As Juneteenth approaches, historian and Pulitzer Prize-winning author Annette Gordon-Reed joined Harvard’s chief diversity and inclusion officer Sherri Ann Charleston to discuss the holiday, celebrations, and her new book, “On Juneteenth.” The holiday this Saturday, commemorating when the news of legalized slavery’s end in the U.S. reached the African American population of Galveston, Texas, is not only the central topic of Gordon-Reed’s collection of essays, it is an intensely personal cause.
“There ought to be a day to remember,” said Gordon-Reed, the Carl M. Loeb University Professor, during an online discussion with Charleston on Monday. Gordon-Reed advocates for Juneteenth to be made a national holiday, not because it was the day slavery legally ended — that was Dec. 6, 1865, when the 13th Amendment was ratified — but because “this was a marker of progress,” she said. “Not just for Black Texans, but for world history. This was a human rights victory.”
Noting that most states (including Texas and Massachusetts) already recognize Juneteenth, she pointed out that the spring is a perfect time for such a celebration, which she celebrates with the traditional red beverages and watermelon. “It’s a holiday for the family, it’s a holiday for family get-togethers,” she said. “And people like it.”
Family, as well as the struggle for freedom, is at the core of her new book, which weaves her personal history with that of Texas, where Gordon-Reed grew up. “Texas has been on my mind,” she said. Originally planned as a larger work, a series of shorter pieces, including an essay penned for The New Yorker, moved Gordon-Reed toward a more personal book that would be “small and short and sort of accessible to wide ranges of people,” she said. Still, she insisted, “I didn’t want the book to be about me. I mention my mother and my father, but I don’t name all of my relatives. I wanted Texas to be the real focus.”
That meant incorporating many strands of different histories. With Latino, Native American, and African American populations that predated or co-existed with European settlers from the beginning, “this is not a place that became diverse,” Gordon-Reed said. “It started out that way.”
Gordon-Reed’s own history reflects that mingling of cultures. Bucking the conventions, under a school-choice program designed to subtly continue segregation, her Black parents opted to send her to a traditionally all-white school. She fondly recalled her “wonderful” first-grade teacher, Mrs. Daughtry, though she added that the fact that her mother also taught in the district may have given her special consideration. Many of her classmates were equally accepting — in school. After the bell had rung, some of them behaved differently. “The whole question of race came to me in a full way when I was 6 or 7 years old.”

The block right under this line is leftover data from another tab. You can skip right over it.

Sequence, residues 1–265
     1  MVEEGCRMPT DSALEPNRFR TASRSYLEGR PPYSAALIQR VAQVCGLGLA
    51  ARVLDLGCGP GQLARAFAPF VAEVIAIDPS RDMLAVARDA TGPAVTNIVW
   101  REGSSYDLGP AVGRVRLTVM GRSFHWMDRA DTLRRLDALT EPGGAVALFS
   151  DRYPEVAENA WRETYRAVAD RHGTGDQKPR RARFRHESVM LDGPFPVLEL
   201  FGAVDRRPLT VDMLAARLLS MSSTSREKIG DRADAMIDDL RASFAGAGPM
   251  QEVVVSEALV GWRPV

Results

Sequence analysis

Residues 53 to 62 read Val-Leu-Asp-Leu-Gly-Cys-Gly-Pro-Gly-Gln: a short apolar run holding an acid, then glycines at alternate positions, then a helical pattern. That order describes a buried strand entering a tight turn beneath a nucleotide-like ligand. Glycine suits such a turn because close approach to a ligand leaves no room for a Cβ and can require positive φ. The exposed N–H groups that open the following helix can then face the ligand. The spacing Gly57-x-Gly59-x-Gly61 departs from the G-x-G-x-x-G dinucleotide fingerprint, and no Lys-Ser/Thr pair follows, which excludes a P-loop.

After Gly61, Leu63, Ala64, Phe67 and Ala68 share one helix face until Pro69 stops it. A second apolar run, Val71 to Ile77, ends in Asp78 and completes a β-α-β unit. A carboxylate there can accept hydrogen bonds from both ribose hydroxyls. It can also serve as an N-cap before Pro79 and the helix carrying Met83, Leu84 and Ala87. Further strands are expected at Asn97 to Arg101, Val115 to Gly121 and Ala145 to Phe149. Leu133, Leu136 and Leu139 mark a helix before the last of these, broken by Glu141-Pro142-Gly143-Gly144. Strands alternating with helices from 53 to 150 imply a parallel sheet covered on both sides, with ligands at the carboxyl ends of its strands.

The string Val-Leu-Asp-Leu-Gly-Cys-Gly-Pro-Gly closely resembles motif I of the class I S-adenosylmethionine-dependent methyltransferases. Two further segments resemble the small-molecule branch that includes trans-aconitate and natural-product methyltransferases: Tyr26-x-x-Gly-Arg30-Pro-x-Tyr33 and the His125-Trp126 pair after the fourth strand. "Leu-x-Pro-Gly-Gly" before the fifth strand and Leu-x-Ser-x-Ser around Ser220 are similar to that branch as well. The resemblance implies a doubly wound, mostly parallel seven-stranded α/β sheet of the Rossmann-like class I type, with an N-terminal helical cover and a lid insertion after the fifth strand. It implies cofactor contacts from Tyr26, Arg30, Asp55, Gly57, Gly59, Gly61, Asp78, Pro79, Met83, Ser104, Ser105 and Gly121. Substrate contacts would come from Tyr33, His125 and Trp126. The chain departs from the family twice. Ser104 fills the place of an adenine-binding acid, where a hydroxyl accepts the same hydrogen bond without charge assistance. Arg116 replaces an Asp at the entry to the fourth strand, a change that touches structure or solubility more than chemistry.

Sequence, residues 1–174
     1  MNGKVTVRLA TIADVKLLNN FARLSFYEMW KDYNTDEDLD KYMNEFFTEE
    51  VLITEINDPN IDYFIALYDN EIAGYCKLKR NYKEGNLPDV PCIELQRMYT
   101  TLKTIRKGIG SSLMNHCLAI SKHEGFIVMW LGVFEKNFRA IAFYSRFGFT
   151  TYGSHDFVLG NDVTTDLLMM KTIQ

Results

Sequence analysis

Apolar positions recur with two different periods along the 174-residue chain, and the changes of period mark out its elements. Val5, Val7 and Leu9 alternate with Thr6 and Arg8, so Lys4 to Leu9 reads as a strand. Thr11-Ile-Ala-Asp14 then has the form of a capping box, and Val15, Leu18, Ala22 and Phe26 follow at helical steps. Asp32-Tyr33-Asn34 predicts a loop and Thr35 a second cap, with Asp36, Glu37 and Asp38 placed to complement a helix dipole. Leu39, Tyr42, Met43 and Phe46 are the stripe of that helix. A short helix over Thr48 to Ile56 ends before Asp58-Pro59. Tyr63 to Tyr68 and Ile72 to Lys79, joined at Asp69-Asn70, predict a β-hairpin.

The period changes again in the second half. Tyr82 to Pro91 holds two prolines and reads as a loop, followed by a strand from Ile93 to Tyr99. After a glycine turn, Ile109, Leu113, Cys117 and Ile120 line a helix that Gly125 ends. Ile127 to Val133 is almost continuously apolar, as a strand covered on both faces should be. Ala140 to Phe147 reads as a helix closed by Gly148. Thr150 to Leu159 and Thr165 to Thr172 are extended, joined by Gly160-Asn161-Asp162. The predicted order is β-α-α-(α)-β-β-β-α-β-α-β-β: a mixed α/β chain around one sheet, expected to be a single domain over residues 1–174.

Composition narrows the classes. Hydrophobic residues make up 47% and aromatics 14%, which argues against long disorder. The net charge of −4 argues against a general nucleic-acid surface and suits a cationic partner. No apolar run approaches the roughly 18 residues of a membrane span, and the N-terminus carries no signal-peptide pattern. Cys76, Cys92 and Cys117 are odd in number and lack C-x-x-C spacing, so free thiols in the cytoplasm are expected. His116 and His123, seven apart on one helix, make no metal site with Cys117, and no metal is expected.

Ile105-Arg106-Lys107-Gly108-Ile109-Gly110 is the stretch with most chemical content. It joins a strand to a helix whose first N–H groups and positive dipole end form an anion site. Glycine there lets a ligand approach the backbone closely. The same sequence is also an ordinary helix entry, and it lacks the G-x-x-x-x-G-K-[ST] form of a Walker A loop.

Addressing racism as one lingering effect of slavery, Charleston noted the discrepancy between white perception and Black lived reality. “People think ‘Slavery is so long ago,’ but [Gordon-Reed’s] book makes it a very present past,” she said.
To illustrate that, Gordon-Reed pointed out that rioters brought Confederate flags into the U.S. Capitol on Jan. 6, and cited the 1941 trial of Bob White, a Black man accused of raping a white woman in East Texas. Beaten into giving a confession, White was then shot to death in the courtroom by his accuser’s husband, who was acquitted.
“We’re not that far away,” said Gordon-Reed. “What happened to Bob White happened because of slavery, which established a racial hierarchy: The lives of white people are valued more than the lives of Black people.”
Education that encompasses the full history of this country is the way forward, she said. Acknowledging the current political pushback that would legislate against such moves, she noted “there are lots of people who want to hold onto the past, who want to hold onto white supremacy.”
Love — like that she bears for her home state — necessitates honest criticism. “Looking at the past not through what we want it to be, but through the way it is, is the only way we have any hope of improving ourselves,” she said, “of getting out of the predicament we’re in, and understanding the nature of it. These are serious issues that helped shape who we are. If we want to get beyond them, we have to confront them.”
The presentation ended with a recital by Remka Nwana, a rising junior and special events chair of the Harvard Black Students Association. Reading her poem “To Be Black in America Is to Be a Superhero,” she moved from her childhood conception of superheroes as unreal to the necessity of superheroes in the contemporary world. Addressing first her Black siblings, then parents, and then grandparents, she said, “You are superheroes.” Bringing back the commemoration of Juneteenth, she concluded, “You affirm that superheroes are real.”
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